It didn’t take long for Zack Stalberg to find a new home.
After resigning from a 34-year career with the Philadelphia Daily News on Feb. 11 – 20 of those years spent as editor in chief – he has re-emerged less than a month later as the head of another Philadelphia group committed to fairness and accuracy.
Stalberg is now president and CEO of the Committee of Seventy, a not-profit and non-partisan political group known for overseeing elections and holding city governments accountable for legislative and ethical decisions.
Stalberg, largely regarded as gutsy and passionate by his peers, has long acted as a mouthpiece for exposing many of Philadelphia’s ills through headlines screaming of malfeasance. He built the Daily News into one of the country’s leading tabloids, and is now in charge of resuscitating a vital organization that has seen its importance dwindle.
“Basically I’m going to try to reinvent the organization,” Stalberg told his former paper. “For many, many years, it was a tremendous instrument of reform in Philadelphia, and over time its mission got smaller and smaller.”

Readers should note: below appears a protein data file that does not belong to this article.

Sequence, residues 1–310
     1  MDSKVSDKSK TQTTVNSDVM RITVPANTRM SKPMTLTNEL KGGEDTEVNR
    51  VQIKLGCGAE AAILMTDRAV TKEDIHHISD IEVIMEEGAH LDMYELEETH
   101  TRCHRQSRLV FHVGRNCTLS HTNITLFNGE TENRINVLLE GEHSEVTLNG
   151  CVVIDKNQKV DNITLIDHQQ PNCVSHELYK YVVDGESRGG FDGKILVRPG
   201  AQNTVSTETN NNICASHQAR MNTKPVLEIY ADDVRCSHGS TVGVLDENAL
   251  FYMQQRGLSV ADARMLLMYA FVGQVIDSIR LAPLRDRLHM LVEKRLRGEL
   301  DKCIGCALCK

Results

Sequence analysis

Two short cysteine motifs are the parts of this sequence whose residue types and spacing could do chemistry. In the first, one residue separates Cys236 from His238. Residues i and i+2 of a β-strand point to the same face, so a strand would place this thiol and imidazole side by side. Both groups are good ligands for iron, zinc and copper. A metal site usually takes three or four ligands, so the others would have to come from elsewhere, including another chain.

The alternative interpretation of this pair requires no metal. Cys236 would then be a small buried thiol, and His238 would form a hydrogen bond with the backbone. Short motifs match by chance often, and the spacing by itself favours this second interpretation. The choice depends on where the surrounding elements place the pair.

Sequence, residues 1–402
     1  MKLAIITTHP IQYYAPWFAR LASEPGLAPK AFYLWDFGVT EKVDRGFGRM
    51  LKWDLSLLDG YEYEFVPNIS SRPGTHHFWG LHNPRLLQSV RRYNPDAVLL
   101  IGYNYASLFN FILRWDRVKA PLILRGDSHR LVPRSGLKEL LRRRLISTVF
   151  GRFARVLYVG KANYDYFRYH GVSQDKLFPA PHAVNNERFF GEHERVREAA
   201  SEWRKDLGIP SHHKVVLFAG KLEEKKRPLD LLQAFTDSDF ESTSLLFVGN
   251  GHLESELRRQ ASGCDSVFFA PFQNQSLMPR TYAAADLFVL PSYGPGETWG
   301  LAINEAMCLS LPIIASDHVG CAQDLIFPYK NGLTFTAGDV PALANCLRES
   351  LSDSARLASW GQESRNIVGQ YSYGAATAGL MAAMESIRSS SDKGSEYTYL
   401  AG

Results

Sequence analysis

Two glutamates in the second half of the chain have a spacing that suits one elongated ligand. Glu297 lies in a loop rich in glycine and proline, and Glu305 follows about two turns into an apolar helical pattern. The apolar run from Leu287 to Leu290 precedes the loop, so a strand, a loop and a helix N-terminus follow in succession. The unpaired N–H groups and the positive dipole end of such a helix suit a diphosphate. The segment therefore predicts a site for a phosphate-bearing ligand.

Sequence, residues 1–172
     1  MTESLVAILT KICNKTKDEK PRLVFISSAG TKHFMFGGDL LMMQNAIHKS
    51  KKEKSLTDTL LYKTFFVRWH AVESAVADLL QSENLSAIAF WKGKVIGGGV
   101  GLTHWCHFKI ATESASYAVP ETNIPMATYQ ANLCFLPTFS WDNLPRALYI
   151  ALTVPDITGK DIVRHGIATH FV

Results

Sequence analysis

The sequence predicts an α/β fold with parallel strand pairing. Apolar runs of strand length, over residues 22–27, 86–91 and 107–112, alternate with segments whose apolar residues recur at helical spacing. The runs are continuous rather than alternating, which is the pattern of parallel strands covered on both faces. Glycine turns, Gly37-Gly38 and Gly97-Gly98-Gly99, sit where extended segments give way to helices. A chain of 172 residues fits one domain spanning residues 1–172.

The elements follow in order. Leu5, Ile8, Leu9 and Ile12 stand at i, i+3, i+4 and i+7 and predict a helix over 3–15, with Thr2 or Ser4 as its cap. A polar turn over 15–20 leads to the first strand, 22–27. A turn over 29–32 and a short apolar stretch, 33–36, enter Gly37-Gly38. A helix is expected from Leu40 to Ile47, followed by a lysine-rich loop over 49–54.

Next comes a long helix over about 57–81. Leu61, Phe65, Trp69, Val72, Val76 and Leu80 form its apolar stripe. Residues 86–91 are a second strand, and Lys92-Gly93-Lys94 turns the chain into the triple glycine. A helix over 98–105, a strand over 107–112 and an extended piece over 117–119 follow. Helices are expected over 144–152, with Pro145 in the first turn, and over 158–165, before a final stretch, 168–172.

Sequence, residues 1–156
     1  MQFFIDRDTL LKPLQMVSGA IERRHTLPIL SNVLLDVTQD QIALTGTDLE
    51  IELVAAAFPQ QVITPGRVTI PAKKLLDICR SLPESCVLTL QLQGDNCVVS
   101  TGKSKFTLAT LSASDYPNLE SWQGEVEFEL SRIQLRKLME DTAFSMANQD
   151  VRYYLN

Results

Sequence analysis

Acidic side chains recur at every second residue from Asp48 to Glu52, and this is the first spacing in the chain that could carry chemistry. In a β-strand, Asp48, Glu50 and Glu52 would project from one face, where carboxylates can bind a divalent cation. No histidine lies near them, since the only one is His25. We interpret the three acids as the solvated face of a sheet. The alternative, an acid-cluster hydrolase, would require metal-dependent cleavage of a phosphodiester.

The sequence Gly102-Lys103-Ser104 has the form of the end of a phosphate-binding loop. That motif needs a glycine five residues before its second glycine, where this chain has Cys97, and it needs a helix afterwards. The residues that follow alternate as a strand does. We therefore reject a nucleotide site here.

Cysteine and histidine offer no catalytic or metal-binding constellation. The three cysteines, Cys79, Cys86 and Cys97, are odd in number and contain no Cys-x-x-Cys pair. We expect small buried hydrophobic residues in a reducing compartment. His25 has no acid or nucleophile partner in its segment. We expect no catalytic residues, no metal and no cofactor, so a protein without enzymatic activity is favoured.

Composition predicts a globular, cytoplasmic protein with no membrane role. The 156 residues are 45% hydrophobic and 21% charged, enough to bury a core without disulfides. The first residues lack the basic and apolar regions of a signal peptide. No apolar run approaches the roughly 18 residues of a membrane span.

The changing of the guard couldn’t come at a better moment. The city, once again embroiled in scandal – with the corruption probe of City Hall gaining national attention and staining Philadelphia’s image – desperately needs someone, or something, to dutifully watch the goings-on within local government.
Stalberg will do so perfectly. He can continue to utilize his quick thinking necessary to run a successful daily newspaper with his intimate knowledge of the city. He’s a man of prestige in these parts, and will likely persist in cultivating relationships with sources and friends to gain information and momentum in his new role. The zeal so many say they admire will hopefully carry over to jumpstart a group determined to right wrongs in the name of democracy.
The Committee of Seventy has been a blessing to this city for over 100 years. It is dedicated to educated discourse, governmental fairness, honesty and transparency, volunteerism and political participation. So is Zack Stalberg.
The history of the group combined with the renewed vigor Stalberg will supply will once again ensure this political watchdog lives up to one of its stated objectives: Citizens who do not hold public office can and should affect those who do.